Thanks for clicking on "Ask The A.V. Club," where we do our best to answer your questions about pop-culture ephemera and not get too testy when we get questions like this:
Those Who Can't Do…
How many of you guys are really frustrated film-school graduates who wished they were making films instead of writing about them? You guys have to be honest about this one.
Let's turn to Noel Murray for the first response:
Gee, there's a couple of loaded words in that question, but let me start with "frustrated." I know critics who've actually directed movies and/or written scripts, and even one or two who've done some acting. Myself, I've thought about writing a screenplay someday, but only because there are stories I'd like to tell (and a few I'd like to adapt). But "frustrated"—as well as "be honest," to be honest—implies that my colleagues and I all wanted to make movies first, but couldn't hack it, and so retreated into criticism. Which would be an insulting perception if it weren't so common. (You left out the phrase, "You're just jealous," which is the standard criticism of critics.)
For my own part, I started watching Siskel and Ebert devoutly when I was eight years old, and at 15, after devouring all the Rolling Stone and Trouser Press record guides, I wrote my own guide on a stack of loose-leaf paper. I went to journalism school—you'll find more journalism and English degrees than film degrees in this business—and well before I became a pro critic, I was reading Greil Marcus, Pauline Kael, Robert Christgau, Lester Bangs, and Danny Peary. I was studying the craft, in other words. And I don't know too many critics who wouldn't tell a similar story. There's a tradition behind what we do, and most of us wanted to be a part of it from a young age. I'd be "frustrated" only if I couldn't do it for a living.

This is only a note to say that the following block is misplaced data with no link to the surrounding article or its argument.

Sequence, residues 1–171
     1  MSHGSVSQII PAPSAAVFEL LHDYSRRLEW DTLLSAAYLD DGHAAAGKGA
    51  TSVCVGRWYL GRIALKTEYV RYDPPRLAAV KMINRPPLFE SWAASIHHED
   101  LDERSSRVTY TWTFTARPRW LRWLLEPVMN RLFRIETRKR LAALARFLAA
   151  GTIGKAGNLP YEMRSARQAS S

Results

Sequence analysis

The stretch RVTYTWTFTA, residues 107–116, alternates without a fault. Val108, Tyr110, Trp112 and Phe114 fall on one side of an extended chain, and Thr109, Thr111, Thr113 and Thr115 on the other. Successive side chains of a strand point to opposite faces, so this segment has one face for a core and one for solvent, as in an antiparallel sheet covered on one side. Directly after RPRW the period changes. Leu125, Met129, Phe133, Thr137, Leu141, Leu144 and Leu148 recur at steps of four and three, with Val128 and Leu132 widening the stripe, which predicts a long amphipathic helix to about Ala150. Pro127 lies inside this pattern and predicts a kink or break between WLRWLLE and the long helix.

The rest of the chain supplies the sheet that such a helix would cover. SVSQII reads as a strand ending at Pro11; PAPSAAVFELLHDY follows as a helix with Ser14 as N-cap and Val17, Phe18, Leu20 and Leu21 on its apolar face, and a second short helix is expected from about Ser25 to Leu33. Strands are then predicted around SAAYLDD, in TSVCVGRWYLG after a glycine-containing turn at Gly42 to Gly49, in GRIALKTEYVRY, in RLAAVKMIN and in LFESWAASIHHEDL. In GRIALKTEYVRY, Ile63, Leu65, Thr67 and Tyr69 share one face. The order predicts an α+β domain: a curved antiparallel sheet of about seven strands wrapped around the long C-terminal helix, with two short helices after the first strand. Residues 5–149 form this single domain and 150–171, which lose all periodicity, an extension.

I could just add, "What he said," but instead, I'll mention that I've never wanted to write a screenplay, direct a movie, or cut an album. I was, believe it or not, on my way to studying medieval or early-20th-century literature (I hadn't made up my mind yet) for a living when I got sidetracked into doing this professionally. And I like doing what I do. Like Noel, I thought Siskel and Ebert's show (back when it was on PBS and called Sneak Previews) was a pretty big deal. I remember the first time I stumbled across it, it blew my mind that these guys got paid to watch movies for a living and talk about them. What could be better? Sure, they were reviewing Caveman starring Ringo Starr, but even that looked appealing to me. (For the record, I was 8 at the time, too.) Music critics steered me toward Talking Heads over Bruce Hornsby, and Public Enemy instead of Warrant, and God bless 'em for it. It's a fine profession unto itself, and I'm happy being a critic and an editor of other critics. Honestly.
I may be the closest thing on staff to that oh-so-cliché frustrated-film-major template, in that I did get a double B.A. in film and journalism, and I did take film-production classes in college. But filmmaking was never my skill-set, and never more than a curiosity: Like everybody else at The A.V. Club, I loved movies, and I wanted to know exactly how they were made. At the same time, like Keith and Noel, I grew up on a steady diet of film reviews; when I was still in single digits, I'd pick up The Washington Post every morning solely for the comics and the movie pages, and the Post's Desson Howe was the first byline I ever learned to watch for. And while I was taking those film courses in college, I was also making a poster-sized list of "Films I Gotta See" (FIGS, we called them) for the living-room wall, sitting down every evening with my roommate to watch culturally key movies, and then looking up Ebert's film-guide responses to them, to get a professional's insights—and then debate whether we agreed with them. I won't claim that being a critic was all I ever wanted to do—it's a terribly competitive field, and it pays to have backup plans. But this career, and not filmmaking, was certainly where my experience, my interest, and (I hope) my talents always led.
Bringing Up The Dead
Okay, back to minutiae:
There was some late-'80s or early-'90s short-lived sitcom involving an old dead couple, now ghosts, who are still hanging around their house after a new family has moved in. If I remember correctly, the grandfather lived with the family and was the only one who could see them (since he was on the brink of death himself). Can you help me with this?